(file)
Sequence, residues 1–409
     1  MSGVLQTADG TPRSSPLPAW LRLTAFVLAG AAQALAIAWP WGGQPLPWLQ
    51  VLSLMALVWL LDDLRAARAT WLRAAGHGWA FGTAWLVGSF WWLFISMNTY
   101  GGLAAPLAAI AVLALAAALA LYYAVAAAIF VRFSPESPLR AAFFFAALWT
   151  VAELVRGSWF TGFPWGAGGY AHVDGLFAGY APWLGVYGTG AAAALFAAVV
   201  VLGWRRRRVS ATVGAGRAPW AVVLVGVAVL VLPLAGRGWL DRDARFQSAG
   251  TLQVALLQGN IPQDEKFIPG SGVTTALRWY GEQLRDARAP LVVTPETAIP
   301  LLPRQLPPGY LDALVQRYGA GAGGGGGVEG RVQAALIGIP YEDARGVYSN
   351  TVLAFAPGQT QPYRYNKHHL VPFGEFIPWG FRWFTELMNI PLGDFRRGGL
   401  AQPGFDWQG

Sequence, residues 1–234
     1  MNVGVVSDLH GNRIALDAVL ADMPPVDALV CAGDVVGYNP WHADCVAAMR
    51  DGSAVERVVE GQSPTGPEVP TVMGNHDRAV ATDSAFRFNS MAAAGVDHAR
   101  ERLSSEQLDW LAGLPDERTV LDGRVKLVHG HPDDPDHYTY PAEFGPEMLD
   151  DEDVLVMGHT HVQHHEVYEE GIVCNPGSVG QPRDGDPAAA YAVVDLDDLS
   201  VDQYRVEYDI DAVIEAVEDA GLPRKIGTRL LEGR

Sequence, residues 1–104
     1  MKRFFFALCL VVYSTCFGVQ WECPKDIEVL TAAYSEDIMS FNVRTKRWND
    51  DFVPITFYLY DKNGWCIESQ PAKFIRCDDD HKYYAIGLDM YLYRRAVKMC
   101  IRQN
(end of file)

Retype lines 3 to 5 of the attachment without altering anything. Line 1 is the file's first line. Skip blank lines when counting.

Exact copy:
    51  VLSLMALVWL LDDLRAARAT WLRAAGHGWA FGTAWLVGSF WWLFISMNTY
   101  GGLAAPLAAI AVLALAAALA LYYAVAAAIF VRFSPESPLR AAFFFAALWT
   151  VAELVRGSWF TGFPWGAGGY AHVDGLFAGY APWLGVYGTG AAAALFAAVV